Coface Quarterly Barometer: US leads the global recovery, emerging economies lag behind
HONG KONG SAR - Media
OutReach - 6 May 2021 - More
than a year after the start of the pandemic, global economic trends are uneven
due to lingering uncertainties around the spread of COVID-19. The acceleration
of the vaccination process, as well as its effectiveness, are key to an
economic recovery. In
this context, the prospects for a return to normalcy are both uneven and
uncertain across sectors of activity and geography, according to the latest barometer from Coface, a
leading player in the credit insurance industry.
As outlined in the barometer, Coface assumes that the
economic recovery will gain momentum from the summer of 2021, when a large
enough share of the population in the United States and Europe will be
vaccinated. However, there is a risk of delay in the vaccine roll-out, notably
due to supply constraints for manufacturers, resulting from shortages of
certain components and export restrictions.
Nevertheless, Coface's global growth forecast has been revised upwards
by half a point (+5.1% for 2021), thanks to stronger than expected growth in
the United States. In this more
favourable macroeconomic outlook, Coface is upgrading 35 sectors of activity
against only 3 downgrades.
In addition to the United States, several other sectors of the world
economy – industry and global trade – are likely to return to their pre-crisis
level of activity by the summer. Nevertheless, other sectors are lagging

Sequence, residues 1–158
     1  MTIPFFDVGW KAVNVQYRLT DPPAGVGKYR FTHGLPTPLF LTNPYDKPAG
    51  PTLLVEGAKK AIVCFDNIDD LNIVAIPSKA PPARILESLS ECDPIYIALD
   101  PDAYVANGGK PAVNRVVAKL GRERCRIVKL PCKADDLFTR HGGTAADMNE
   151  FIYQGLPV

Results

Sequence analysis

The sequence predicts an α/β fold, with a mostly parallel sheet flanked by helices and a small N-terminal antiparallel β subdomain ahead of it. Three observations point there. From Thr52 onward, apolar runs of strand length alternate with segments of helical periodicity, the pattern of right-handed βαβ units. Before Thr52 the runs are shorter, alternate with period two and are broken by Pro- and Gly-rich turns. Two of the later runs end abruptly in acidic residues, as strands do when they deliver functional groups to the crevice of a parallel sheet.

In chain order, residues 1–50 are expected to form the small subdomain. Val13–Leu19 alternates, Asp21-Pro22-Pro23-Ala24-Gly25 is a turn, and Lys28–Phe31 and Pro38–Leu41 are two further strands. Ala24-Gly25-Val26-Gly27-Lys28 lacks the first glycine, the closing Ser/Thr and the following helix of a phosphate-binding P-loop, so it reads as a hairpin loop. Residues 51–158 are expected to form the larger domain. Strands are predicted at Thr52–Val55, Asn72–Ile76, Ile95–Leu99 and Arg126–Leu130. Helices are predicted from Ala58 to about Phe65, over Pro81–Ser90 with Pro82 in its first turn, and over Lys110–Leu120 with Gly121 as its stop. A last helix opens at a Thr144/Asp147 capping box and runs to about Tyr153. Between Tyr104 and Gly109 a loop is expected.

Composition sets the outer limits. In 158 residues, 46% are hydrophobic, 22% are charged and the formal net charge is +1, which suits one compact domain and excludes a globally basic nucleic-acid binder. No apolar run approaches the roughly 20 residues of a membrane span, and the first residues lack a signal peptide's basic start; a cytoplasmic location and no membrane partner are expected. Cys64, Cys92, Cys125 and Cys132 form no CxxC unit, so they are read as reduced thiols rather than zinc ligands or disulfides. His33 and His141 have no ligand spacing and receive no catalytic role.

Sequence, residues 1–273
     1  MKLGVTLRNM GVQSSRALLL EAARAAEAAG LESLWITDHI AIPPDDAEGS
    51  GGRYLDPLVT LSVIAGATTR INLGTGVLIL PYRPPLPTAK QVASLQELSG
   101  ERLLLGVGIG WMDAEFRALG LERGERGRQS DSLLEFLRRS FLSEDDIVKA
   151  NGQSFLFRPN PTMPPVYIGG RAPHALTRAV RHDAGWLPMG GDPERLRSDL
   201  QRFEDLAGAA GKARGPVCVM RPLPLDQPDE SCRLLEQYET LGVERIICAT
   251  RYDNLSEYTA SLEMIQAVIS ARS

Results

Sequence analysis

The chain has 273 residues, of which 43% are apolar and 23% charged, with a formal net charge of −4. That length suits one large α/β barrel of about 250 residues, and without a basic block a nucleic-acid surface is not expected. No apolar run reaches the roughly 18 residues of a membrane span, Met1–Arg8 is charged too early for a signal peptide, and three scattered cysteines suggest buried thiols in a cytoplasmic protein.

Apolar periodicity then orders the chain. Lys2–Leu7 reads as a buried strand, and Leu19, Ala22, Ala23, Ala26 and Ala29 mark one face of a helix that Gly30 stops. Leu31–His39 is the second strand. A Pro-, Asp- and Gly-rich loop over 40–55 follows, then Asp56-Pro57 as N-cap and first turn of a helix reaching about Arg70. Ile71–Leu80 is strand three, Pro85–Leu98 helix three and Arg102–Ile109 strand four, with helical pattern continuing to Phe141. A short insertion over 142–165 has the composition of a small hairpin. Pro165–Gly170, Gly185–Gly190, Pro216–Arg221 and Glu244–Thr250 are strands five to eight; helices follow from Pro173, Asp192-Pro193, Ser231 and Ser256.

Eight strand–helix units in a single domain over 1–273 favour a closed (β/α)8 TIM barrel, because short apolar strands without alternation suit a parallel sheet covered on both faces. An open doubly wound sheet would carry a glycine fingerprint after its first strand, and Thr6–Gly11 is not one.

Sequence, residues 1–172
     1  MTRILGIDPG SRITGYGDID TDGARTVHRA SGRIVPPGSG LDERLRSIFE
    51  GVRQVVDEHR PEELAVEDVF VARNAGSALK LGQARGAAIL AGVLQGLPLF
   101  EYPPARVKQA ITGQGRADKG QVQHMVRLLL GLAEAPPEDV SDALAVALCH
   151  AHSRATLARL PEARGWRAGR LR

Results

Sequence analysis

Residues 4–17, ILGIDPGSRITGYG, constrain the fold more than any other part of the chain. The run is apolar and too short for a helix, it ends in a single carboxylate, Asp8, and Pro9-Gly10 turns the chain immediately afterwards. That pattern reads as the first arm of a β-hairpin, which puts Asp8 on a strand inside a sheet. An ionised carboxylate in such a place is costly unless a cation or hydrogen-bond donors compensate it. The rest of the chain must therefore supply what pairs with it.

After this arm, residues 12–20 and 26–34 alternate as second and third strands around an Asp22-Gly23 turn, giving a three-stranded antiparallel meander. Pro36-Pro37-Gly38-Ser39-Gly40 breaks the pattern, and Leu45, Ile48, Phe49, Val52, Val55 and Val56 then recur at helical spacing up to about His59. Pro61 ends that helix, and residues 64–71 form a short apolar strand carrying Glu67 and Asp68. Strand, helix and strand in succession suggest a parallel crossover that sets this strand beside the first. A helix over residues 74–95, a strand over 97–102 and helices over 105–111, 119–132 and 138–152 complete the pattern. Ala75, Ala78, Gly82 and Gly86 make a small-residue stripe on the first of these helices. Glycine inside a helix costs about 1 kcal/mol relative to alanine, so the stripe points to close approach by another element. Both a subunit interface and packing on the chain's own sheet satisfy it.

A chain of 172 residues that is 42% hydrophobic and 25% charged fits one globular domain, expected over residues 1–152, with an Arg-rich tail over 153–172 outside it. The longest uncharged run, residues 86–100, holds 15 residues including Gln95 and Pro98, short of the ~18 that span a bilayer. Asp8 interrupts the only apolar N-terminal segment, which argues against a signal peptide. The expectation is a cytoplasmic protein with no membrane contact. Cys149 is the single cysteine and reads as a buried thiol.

behind, notably in services and especially those that involve physical contact
with customers, and across the European economies. Finally, in some major
emerging economies, the recovery is also being held back by rising inflation,
which is forcing central banks to tighten monetary policy.
US economy goes into "high
Since the beginning of 2021, the balance of surprises is tilting to the
positive side, despite the many health uncertainties.
The expected growth gap between the eurozone and the United States is
usual, particularly in a recovery phase.
This is partly due to weaker automatic stabilizers in the US, which accelerate
adjustments in employment and income.
But this time, the reasons for the for the US growth gap are different:
less restrictive mobility restrictions than in the eurozone, both in 2020 and
early 2021, and a more rapid vaccine deployment.
in economic policy may also explain US outperformance. The US Federal Reserve
(Fed) has increased the size of its balance sheet. Its asset purchase program
rose by about 13% of GDP in 2020, compared with 9% for the European Central
Bank (ECB). Finally, and most importantly, greater fiscal support will allow
the US economy to return to its pre-crisis GDP level more quickly.
in March 2021, the new US support plan amounts to 1.9 trillion dollars
(USD), and will bring the total fiscal response to the crisis to an amount
equivalent to 27% of US GDP, more than any other mature economy. Coface expects that the public deficit could be up to 56 billion
dollars higher than it would have been without the stimulus package.
The aim of this strategy is to put the US economy under "high
pressure", i.e. to implement expansionary
monetary and fiscal policies that encourage a return to work for the least
employable people (long-term unemployed or inactive due to discouragement,
low-skilled people and categories of the population suffering from
discrimination in hiring).
corporate insolvencies remain hidden
The eurozone is unlikely to return to its pre-crisis GDP level before
2022. If the main mobility restrictions are lifted by the
end of the summer, this will go hand in hand with a gradual halt to business